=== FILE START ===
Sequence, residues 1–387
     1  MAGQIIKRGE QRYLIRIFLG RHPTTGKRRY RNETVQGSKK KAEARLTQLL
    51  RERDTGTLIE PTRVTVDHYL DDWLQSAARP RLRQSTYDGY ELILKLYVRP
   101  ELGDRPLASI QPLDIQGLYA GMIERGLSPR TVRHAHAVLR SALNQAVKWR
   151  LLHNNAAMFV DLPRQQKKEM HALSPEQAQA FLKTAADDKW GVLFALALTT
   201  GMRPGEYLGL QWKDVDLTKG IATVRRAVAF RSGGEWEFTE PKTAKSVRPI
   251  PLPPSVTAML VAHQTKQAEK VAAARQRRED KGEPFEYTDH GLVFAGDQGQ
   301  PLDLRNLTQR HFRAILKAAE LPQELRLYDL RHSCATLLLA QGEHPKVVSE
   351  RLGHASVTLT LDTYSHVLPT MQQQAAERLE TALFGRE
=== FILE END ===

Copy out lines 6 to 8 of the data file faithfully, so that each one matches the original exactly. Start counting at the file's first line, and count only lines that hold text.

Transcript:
   201  GMRPGEYLGL QWKDVDLTKG IATVRRAVAF RSGGEWEFTE PKTAKSVRPI
   251  PLPPSVTAML VAHQTKQAEK VAAARQRRED KGEPFEYTDH GLVFAGDQGQ
   301  PLDLRNLTQR HFRAILKAAE LPQELRLYDL RHSCATLLLA QGEHPKVVSE